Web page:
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Microwave thermal thruster PhD thesis now online!

Posted by: Kevin Parkin - Mon Jun 26, 2006 8:37 am
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Microwave thermal thruster PhD thesis now online! 
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Post Microwave thermal thruster PhD thesis now online!   Posted on: Mon Jun 26, 2006 8:37 am
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"Nuclear thermal thrusters long ago bypassed the 50-year-old specific impulse (Isp) limitation of conventional thrusters, using nuclear powered heat exchangers in place of conventional combustion to heat a hydrogen propellant. These heat exchanger thrusters experimentally achieved an Isp of 825 seconds, but with a thrust-to-weight ratio (T/W) of less than ten they have thus far been too heavy to propel rockets into orbit.

This thesis proposes a new idea to achieve both high Isp and high T/W: The Microwave Thermal Thruster. This thruster covers the underside of a rocket aeroshell with a lightweight microwave absorbent heat exchange layer that may double as a re-entry heat shield. By illuminating the layer with microwaves directed from a ground-based phased array, an Isp of 700–900 seconds and T/W of 50–150 is possible using a hydrogen propellant. The single propellant simplifies vehicle design, and the high Isp increases payload fraction and structural margins. These factors combined could have a profound effect on the economics of building and reusing rockets.

A laboratory-scale microwave thermal heat exchanger is constructed using a single channel in a cylindrical microwave resonant cavity, and new type of coupled electromagnetic-conduction-convection model is developed to simulate it. The resonant cavity approach to small-scale testing reveals several drawbacks, including an unexpected oscillatory behavior. Stable operation of the laboratory-scale thruster is nevertheless successful, and the simulations are consistent with the experimental results.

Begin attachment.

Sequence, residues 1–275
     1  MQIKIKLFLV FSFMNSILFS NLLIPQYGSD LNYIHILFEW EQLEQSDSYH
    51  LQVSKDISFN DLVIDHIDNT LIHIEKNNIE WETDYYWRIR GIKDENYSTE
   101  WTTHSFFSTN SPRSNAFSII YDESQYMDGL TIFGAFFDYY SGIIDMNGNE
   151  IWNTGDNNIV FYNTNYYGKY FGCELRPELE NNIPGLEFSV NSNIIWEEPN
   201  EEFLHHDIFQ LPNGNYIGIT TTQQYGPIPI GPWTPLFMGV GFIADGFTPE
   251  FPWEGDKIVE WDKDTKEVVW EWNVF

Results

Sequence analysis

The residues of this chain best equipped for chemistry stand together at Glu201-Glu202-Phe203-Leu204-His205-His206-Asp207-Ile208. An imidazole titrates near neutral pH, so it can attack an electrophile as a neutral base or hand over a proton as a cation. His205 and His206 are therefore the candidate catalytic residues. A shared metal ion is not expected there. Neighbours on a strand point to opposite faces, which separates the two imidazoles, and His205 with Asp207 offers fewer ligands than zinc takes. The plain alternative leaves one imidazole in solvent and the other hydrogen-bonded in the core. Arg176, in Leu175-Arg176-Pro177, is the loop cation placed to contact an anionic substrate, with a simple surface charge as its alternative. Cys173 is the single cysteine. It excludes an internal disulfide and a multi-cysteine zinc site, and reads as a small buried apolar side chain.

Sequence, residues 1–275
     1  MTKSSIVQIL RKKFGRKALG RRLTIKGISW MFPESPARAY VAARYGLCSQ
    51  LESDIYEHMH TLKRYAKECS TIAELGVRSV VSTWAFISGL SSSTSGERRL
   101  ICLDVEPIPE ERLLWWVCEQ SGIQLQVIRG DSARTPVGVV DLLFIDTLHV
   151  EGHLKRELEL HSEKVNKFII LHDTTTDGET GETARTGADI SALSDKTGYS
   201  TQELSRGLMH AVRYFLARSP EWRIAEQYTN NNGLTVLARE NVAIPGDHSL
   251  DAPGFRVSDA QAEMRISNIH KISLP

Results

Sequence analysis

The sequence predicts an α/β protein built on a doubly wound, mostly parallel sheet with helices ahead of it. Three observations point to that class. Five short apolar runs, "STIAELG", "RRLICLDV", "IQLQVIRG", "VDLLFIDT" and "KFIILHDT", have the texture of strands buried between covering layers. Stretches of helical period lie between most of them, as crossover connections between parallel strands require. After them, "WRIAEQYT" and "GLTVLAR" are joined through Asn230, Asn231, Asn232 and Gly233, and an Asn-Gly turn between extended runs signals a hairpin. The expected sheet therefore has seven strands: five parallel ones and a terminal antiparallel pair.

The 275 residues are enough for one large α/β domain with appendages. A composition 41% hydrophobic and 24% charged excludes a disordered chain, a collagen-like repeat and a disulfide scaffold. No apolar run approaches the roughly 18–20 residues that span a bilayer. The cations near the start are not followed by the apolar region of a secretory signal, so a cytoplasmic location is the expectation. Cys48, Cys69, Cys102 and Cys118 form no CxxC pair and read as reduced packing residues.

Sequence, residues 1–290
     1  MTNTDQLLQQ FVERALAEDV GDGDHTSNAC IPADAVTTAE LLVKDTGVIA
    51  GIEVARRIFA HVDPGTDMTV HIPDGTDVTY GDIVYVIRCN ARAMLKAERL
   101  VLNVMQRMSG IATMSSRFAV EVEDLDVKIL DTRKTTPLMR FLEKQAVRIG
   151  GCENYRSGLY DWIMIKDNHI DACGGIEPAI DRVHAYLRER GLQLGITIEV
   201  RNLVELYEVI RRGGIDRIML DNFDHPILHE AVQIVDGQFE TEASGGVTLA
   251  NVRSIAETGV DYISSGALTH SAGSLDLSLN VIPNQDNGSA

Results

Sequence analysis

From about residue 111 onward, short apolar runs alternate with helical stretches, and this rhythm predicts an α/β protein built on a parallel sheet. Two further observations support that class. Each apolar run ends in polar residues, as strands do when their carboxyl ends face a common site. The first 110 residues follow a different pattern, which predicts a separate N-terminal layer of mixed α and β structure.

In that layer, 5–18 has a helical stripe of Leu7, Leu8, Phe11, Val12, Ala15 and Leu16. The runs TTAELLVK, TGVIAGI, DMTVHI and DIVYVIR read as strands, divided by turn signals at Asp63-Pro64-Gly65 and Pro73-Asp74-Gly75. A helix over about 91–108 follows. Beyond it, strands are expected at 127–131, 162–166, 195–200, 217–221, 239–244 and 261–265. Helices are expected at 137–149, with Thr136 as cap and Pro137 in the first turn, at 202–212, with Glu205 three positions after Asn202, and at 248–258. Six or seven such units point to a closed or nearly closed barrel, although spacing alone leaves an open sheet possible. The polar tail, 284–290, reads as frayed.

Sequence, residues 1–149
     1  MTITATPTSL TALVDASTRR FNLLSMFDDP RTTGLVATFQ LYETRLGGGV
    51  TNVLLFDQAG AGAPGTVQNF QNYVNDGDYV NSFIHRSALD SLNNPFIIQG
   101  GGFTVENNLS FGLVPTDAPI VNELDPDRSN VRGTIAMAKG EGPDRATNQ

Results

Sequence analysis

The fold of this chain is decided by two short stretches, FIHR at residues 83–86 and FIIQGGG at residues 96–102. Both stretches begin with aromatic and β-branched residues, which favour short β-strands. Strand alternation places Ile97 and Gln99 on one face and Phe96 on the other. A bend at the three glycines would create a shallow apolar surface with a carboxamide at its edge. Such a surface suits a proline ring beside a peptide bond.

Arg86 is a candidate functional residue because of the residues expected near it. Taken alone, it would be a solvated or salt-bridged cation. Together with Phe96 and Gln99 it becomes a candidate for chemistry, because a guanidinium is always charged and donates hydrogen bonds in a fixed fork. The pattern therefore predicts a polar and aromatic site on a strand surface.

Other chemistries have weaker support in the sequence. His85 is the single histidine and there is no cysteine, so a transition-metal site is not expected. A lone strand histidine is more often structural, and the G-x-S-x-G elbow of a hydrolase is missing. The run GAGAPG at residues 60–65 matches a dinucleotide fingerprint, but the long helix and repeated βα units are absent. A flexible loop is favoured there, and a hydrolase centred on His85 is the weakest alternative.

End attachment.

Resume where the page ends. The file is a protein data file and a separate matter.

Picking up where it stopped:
In addition to proposing a new type of propulsion and demonstrating it, this thesis provides three other principal contributions: The first is a new perspective on the launch problem, placing it in a wider economic context. The second is a new type of ascent trajectory that significantly reduces the diameter, and hence cost, of the ground-based phased array. The third is an eclectic collection of data, techniques, and ideas that constitute a Microwave Thermal Rocket as it is presently conceived, in turn selecting and motivating the particular experimental and computational analyses undertaken."



..........................Download Thesis..........................

..........................Download Video..........................

..........................Download Charts..........................





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Moon Mission Member
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Post    Posted on: Mon Jun 26, 2006 3:20 pm
8) *cheers* Congratulations! I'm gonna download all of it as soon as I get back on the Tech campus (at home with a measly 56k connection right now).

Again, congratulations on successfully completing the dissertation and its defense. Good luck after graduation -- mind if I ask what your future plans are?

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Post    Posted on: Fri Jun 30, 2006 7:55 pm
I wonder if a ion-lifter type airship could also use its grid as a rectenna for beamed energy propulsion--with some combustable gases also giving thrust for ATO.

Could a separate ground based beam charge the exhaust one way--and the nozzle the other--to increase specific impulse?


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Post Re: Microwave thermal thruster PhD thesis now online!   Posted on: Tue Nov 27, 2012 10:53 am
What about a plasma supercavity? Accelerated via microwaves pushing the plasma envelope?

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